At CES, Huawei was clear in its mission to penetrate the North American mobile market with its Mate 8 and Honor 5X smartphones, but the Chinese company dropped a mini bombshell at Mobile World Congress with the announcement that it’s pushing into the PC market, too, with the Huawei MateBook.
And what style of slim 2-in-1 to is better to copy that the Surface Pro and iPad Pro?
We say “copy” tongue in cheek, because although the MateBook is clearly meant to do battle with the Surface Pro 4 and iPad Pro, it’s not as if Huawei has never built a device with the MateBook’s lovely design sensibilities. The 2-in-1 MateBook is a pretty 2-in-1, indeed, with an all-aluminum, CNC-machined chassis, and it has a 10 mm bezel all around the display for an 84% screen-to-body ratio. The display portion of the MateBook is just 6.9 mm thick, and the edges have a gentle curve. The device weighs just 640 g.
The 12-inch IPS LCD display boasts a 2650x1440 resolution (with 160-degree viewing angles), and under the hood, the MateBook runs up to an Intel Core m7 (Skylake) chip. (There are m3 and m5 options, as well.) Huawei was a little light on full specifications, but during the presentation, we got a quick glimpse of the matrix of pricing, RAM, storage, and CPU:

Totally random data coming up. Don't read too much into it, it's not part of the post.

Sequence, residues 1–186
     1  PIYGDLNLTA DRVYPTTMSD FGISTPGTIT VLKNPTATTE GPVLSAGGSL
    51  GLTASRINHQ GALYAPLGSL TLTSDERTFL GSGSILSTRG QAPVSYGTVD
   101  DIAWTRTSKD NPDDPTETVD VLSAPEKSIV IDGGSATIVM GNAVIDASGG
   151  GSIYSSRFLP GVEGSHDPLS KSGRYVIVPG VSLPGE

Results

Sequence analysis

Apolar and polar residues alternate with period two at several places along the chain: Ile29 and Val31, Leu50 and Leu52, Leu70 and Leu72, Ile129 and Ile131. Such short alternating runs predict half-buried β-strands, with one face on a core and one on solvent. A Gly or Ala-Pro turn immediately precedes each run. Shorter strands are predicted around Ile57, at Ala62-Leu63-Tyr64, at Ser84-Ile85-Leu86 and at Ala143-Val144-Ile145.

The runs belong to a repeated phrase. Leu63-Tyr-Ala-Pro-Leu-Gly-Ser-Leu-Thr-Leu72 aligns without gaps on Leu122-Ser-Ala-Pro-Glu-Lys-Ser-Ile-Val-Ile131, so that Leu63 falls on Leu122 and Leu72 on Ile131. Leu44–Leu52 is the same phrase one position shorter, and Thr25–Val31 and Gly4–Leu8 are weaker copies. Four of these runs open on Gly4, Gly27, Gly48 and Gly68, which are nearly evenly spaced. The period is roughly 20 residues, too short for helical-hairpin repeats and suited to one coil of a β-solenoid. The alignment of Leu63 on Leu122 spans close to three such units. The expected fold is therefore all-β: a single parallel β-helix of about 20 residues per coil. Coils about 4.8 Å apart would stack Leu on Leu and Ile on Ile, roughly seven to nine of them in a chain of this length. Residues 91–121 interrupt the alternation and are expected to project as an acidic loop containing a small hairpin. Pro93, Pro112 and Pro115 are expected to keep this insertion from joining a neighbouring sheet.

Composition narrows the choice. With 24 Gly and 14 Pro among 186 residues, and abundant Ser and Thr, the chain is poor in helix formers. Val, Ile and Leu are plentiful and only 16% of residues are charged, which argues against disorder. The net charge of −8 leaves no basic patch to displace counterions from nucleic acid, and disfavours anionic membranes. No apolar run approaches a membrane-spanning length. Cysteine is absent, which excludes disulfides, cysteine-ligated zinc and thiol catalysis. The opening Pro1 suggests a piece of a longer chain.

The prices clearly range widely, from as low as $699 all the way up to $1,599, and you’ll certainly get difference performance from the models at opposite ends of the spectrum; a Core m3 with 4 GB RAM is not the same beast as Core m5 with 8 GB.
The MateBook’s 4430 mAh, 33.7 Wh battery purports to last for 10 hours at a stretch. This is largely thanks to optimizations Huawei said it built into the device, as well as from power savings from cooling performance wrung from its eight conductive-layer design.
There are dual speakers on the bottom of the MateBook with Dolby Audio, and there’s a one-touch feature that connects to your smartphone’s hotspot. Huawei cheerfully noted that with this feature, you could essentially turn your smartphone into external wireless storage for the MateBook, but seeing as how most smartphones don’t typically have loads of extra storage, this seems an odd use case.